Apathy to domestic violence can be fatal - WCC Penang, 26 May 2016

  • Posted on: 27 May 2016
  • By: admin1

THE Women’s Centre for Change (WCC) Penang has urged all members of enforcement agencies handling domestic violence cases to have a comprehensive and holistic understanding of domestic violence, as well as the effect of domestic violence on victims.

WCC senior advocacy officer Melissa Mohd Akhir said members, including police and social welfare officers, should understand domestic violence laws, and the rights ofvictims to protection under the law, as well as undergo training to grasp and appreciate their roles in preventing domestic violence as laid out under the law and the Guidelines to Handling Domestic Violence Cases.

In reference to a High Court decision on Tuesday, which found former loan shark-turned-hawker Chiam Nguang Huat guilty of murdering his wife Lai Siew Fong in 2013, Melissa said the victim had made numerous police reports on the violence she had faced at the hands of her husband since September 2012.

“These reports made by her and her family members did not receive the appropriate attention, nor were the proper actions taken.

 
 

“The failure of our enforcement agencies to intervene despite repeated reports of violence contributed to the further repetition and escalation of the violence, which ultimately resulted in Lai’s horrific murder.

“WCC journeyed initially with the victim and later with her family throughout the police investigation and trial process,” she said in astatement on Tuesday.

Melissa said despite the protections offered to domestic violence victims under the DVA (Domestic Violence Act) 1994 and the recently launched Guidelines to Handling Domestic Violence Cases by the Ministry of Women, Family, and Community Development, domestic violencevictims often faced numerous difficulties in getting the help and protection they needed.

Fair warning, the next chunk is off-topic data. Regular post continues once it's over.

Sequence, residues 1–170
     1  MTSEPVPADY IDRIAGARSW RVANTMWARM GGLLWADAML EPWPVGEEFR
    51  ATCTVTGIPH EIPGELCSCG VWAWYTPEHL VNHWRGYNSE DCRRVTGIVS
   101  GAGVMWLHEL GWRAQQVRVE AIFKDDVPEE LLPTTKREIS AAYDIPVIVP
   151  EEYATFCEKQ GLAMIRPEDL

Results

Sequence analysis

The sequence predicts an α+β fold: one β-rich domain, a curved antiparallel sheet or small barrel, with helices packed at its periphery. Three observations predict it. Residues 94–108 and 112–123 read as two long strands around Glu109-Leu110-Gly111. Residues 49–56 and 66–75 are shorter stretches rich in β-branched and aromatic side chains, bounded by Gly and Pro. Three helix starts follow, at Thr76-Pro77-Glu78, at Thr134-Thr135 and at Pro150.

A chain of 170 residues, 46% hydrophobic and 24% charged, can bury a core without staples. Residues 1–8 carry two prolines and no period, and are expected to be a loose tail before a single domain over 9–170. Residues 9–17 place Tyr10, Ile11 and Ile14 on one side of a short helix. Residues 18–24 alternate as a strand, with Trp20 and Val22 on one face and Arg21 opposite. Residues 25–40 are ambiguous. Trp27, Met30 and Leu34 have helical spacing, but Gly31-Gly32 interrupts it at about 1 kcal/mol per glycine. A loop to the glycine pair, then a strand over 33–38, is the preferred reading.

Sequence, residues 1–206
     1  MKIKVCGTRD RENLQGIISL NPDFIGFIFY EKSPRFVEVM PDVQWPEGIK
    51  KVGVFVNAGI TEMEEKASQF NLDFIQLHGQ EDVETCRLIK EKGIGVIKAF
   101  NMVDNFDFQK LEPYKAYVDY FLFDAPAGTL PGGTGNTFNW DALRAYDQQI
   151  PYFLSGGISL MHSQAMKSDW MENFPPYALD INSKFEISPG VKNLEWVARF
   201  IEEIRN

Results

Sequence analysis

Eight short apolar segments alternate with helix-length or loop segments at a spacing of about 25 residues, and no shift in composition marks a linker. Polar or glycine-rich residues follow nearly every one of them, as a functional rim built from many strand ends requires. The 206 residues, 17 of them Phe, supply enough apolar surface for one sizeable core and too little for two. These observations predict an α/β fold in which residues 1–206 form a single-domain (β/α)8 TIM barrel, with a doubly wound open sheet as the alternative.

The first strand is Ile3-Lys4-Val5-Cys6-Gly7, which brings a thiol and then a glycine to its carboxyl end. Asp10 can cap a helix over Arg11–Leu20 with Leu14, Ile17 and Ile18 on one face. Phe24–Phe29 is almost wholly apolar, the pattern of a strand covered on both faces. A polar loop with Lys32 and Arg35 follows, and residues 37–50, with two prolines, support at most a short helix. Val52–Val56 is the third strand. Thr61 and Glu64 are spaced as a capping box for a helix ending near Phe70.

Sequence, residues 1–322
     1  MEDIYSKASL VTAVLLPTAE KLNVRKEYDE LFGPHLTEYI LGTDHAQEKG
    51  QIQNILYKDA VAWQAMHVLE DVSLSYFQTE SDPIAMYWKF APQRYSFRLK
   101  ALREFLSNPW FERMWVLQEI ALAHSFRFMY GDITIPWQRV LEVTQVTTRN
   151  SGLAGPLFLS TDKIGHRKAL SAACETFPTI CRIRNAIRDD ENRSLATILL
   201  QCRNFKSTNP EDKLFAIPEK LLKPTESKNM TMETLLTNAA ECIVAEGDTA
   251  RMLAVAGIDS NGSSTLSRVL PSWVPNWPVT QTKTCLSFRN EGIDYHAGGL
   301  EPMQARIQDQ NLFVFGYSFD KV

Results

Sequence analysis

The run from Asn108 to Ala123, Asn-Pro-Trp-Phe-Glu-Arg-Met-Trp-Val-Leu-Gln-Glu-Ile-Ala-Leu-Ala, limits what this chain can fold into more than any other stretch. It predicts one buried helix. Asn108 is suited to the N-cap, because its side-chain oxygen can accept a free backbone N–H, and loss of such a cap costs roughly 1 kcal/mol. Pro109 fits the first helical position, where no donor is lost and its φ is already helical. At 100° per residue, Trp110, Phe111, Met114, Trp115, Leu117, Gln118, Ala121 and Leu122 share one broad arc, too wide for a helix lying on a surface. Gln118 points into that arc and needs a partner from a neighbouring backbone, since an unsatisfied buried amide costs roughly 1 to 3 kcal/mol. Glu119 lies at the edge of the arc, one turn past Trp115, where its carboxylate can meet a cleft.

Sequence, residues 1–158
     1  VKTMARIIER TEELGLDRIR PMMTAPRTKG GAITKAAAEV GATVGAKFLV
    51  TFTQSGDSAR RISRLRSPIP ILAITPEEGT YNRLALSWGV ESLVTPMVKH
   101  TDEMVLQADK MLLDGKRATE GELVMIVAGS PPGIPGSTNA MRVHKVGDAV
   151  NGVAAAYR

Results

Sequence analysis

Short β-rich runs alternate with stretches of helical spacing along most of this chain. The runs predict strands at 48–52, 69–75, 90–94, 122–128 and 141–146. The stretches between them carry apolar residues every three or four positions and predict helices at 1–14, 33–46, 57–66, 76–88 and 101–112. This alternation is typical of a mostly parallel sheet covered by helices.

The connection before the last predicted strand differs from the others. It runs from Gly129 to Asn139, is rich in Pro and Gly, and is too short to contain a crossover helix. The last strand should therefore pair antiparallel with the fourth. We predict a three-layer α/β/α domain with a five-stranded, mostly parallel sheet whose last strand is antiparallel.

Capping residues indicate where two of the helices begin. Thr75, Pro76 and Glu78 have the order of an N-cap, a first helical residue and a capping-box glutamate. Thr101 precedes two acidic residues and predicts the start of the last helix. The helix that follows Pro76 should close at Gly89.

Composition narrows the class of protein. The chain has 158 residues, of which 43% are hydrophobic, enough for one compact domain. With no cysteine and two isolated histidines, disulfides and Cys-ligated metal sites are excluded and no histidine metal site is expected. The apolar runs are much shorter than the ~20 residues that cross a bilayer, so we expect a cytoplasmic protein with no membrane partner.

“From our experience, many officers in enforcement agencies do not understand domestic violence, and do not know their duties as ascribed by the law or how to carry out those duties effectively.

“Often, victims find theircomplaints not taken seriously by the very agencies whom they seek help from.

“While domestic violence has been legislated against, certain forms of it are still not recognised by enforcement officers as a crime,” she said.

Melissa added that some victims were not informed about their rights, including access to protection orders while many officers in enforcement agencies “seem unaware” of their responsibilities, resulting in multiple instances where victims were not helped to obtain a protection order, or where the protection order was not delivered to the suspect immediately.

Furthermore, she added, poorcommunication between the agencies could result in lack of protection of the victim, rendering them vulnerable to further and more severe abuse from the perpetrator.

“It has taken three years for Lai’s case to come to a conclusion.

“The case has had a profound and harrowing effect on her family, especially her children who witnessed the crime.

“To ensure that other women do not suffer the same fate as Lai Siew Fong, we need to act now to collectively overcome the inertia and apathy shown towards domestic violence and its victims,” she said.

On Tuesday, Chiam, 42, was sentenced to death by a High Court in George Town after he was found guilty of setting his wife on fire that resulted in her death about three years ago.

 

*WCC is a member organisation of the Joint Action Group for Gender Equality. 

**The original article can be found here.

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